question about high ammonia levels

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1323
New Member


Date Joined Jul 2008
Total Posts : 12
   Posted 1/20/2009 7:41 PM (GMT -7)   
I am a HCV survivor with 8 1/2 years of SVR. I also consider my self to be fairly well educated on HCV and have facilitated a support group for 7 years. My question is: I have a brother who is incarcerated. He also has HCV. He has been on lactulose for high ammonia for over a year. My understanding is that high ammonia levels are a symptom of decompensating cirrhosis. However, he recently had a biopsy and the results were a stage 2 (can't remember grade) with no cirrhosis. While I'm glad the biopsy did not find cirrhosis, I'm having trouble understanding how he could be having high ammonia levels and needs lactulose.
Can anyone explain how this is possible or could it be an error? He said they took two needle samples of tissue.
Thank you,
Cindy

hep93
Elite Member


Date Joined Jul 2005
Total Posts : 12014
   Posted 1/20/2009 8:09 PM (GMT -7)   
Hi, Cindy.  I am sorry I cannot answer your question, but just wanted to welcome you to the forum.  Hopefully, someone who has dealt with encephalopathy can answer your question.  You might also want to read the thread on Encephalopathy for possible info.

hep93
Forum moderator - Hepatitis
 
"But that was yesterday, and I was a different person then."
Lewis Carroll, Alice in Wonderland


Pink Grandma
Veteran Member


Date Joined Nov 2006
Total Posts : 2445
   Posted 1/20/2009 8:53 PM (GMT -7)   
Hi Cindy and welcome to HealingWell.

It's my understanding also that it is the decompensating liver that doesn't filter out the toxins as it should, that causes the ammonia levels to rise. Why he would have high ammonia levels with no cirrhosis is a mystery to me. Did he have a CT scan or MRI also?

I do know that infections can also play a role in encephalopathy.

Hopefully someone with more knowledge will come online and can answer your question.

Take care.............
Pink Grandma
Forum moderator-Hepatitis

When the going gets tough....the tough get going! Don't always know where I going but I get there anyways.


1323
New Member


Date Joined Jul 2008
Total Posts : 12
   Posted 1/20/2009 8:59 PM (GMT -7)   
Thank you both for answering. No, he has not had a CT scan or MRI. In prison, they are lucky to get their basic medical needs met.
I was wondering if the biopsy missed cirrhotic tissue since they only took two samples. It just doesn't make a whole lot of sense to me.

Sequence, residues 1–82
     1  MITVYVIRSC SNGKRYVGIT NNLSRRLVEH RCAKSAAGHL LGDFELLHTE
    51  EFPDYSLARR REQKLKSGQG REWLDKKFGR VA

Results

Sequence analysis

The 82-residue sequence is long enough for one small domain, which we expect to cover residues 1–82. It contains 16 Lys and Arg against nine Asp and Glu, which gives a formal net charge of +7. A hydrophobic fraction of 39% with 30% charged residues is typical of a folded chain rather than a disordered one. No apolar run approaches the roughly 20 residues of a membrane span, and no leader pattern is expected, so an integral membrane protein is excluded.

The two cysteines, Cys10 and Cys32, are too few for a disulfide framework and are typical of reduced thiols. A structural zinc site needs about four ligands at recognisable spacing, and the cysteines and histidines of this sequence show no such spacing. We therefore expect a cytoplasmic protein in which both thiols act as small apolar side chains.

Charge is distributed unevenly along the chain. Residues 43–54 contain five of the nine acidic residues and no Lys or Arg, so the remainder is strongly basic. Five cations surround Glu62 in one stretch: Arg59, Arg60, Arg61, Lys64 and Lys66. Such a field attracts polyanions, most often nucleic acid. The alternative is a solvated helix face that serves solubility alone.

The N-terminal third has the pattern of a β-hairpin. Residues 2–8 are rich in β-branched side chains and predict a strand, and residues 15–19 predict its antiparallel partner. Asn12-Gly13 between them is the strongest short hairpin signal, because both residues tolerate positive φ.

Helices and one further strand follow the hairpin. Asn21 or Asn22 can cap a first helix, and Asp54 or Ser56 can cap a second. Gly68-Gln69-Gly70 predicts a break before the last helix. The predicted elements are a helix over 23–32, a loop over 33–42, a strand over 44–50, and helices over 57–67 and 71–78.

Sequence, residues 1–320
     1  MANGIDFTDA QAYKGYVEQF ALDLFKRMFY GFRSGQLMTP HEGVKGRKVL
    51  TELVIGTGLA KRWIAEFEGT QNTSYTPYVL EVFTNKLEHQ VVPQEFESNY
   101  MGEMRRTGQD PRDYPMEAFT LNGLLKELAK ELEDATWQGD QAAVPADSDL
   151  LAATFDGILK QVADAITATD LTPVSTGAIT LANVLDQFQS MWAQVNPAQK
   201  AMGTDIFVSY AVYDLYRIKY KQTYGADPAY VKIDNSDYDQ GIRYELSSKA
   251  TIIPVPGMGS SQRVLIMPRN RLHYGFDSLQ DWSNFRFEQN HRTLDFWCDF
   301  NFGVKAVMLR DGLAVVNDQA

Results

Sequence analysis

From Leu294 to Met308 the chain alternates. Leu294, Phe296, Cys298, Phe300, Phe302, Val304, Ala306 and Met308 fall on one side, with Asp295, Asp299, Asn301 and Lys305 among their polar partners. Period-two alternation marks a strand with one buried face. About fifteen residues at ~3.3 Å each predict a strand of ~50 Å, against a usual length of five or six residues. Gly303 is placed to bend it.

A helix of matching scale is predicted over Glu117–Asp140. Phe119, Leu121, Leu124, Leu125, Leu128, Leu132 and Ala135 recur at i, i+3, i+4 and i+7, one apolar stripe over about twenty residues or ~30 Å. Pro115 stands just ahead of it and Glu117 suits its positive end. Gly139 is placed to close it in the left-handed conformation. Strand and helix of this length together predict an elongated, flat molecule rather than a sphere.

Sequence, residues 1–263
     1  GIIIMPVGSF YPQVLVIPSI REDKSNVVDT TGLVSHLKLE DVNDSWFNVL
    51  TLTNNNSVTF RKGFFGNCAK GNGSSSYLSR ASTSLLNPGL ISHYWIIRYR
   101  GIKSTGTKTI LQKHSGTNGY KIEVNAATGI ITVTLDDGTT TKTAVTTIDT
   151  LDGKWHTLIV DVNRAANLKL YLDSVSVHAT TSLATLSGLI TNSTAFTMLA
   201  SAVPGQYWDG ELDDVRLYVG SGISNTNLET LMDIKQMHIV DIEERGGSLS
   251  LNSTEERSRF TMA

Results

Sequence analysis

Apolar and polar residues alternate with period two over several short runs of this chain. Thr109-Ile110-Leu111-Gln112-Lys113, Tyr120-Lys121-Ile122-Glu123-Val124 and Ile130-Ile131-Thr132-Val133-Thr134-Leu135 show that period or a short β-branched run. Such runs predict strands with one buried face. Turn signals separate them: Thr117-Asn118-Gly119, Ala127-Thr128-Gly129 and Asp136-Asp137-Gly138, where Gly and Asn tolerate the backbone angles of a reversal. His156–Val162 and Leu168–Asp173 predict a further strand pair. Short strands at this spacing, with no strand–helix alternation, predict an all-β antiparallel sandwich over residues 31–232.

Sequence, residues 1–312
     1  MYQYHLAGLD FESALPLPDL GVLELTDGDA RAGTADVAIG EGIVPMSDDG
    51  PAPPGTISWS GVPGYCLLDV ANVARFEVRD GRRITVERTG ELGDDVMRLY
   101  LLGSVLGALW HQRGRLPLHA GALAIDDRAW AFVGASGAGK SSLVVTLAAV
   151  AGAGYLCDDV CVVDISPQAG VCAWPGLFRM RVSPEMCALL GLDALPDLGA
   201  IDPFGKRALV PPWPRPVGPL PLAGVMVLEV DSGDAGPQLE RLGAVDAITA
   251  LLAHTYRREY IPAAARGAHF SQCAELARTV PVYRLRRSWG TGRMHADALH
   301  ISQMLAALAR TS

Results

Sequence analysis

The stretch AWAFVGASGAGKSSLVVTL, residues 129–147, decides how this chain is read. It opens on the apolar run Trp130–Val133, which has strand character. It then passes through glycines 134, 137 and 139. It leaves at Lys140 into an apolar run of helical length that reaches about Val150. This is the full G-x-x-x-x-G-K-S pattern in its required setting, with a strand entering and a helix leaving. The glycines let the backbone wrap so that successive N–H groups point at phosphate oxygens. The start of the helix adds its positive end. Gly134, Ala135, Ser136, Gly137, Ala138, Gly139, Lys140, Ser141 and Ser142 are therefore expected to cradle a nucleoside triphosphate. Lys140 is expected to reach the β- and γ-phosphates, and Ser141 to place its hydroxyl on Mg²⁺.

Thanks again,
Cindy

Pink Grandma
Veteran Member


Date Joined Nov 2006
Total Posts : 2445
   Posted 1/20/2009 10:12 PM (GMT -7)   
Your right Cindy. The health care in the prison systems is substandard.
You got me thinking Cindy......... about doing a biopses without doing some kind of test before hand to find any suspicious areas to test. If they are only testing 1 or 2 different little areas of the liver how can they be sure that there is not cirrohosis or even cancer in a different part of the liver that was not biopsied? Can the healthy part of the liver show that there is damage in another part of the liver by testing the biopsied sample? I wish I knew more about it.

Take care.........
Pink Grandma
Forum moderator-Hepatitis

When the going gets tough....the tough get going! Don't always know where I going but I get there anyways.


hep93
Elite Member


Date Joined Jul 2005
Total Posts : 12014
   Posted 1/21/2009 11:47 AM (GMT -7)   
The first biopsy I had, shortly after HCV diagnosis in '93, showed no cirrhosis.  Subsequent CT scans and MRIs with contrast over the years, did not show cirrhosis, either.  It was only when the left lobe was biopsied at the time of my rt. liver lobectomy in '07, that I was found to have cirrhosis.  So it doesn't always show up on scans, although cancer will.  I think with the first biopsy, I had not yet developed the cirrhosis.  Whether cirrhosis can be in one part of the liver and not another is something I'm not sure of.

hep93
Forum moderator - Hepatitis
 
"But that was yesterday, and I was a different person then."
Lewis Carroll, Alice in Wonderland


5Joan5
Regular Member


Date Joined May 2008
Total Posts : 61
   Posted 1/21/2009 7:42 PM (GMT -7)   
Just read the above. That's the kind of exchange that makes me keep come back and learning. Joan
Joan
 
Best friend is in ESLD, has HepC and cirrhosis. 


hep93
Elite Member


Date Joined Jul 2005
Total Posts : 12014
   Posted 1/21/2009 8:32 PM (GMT -7)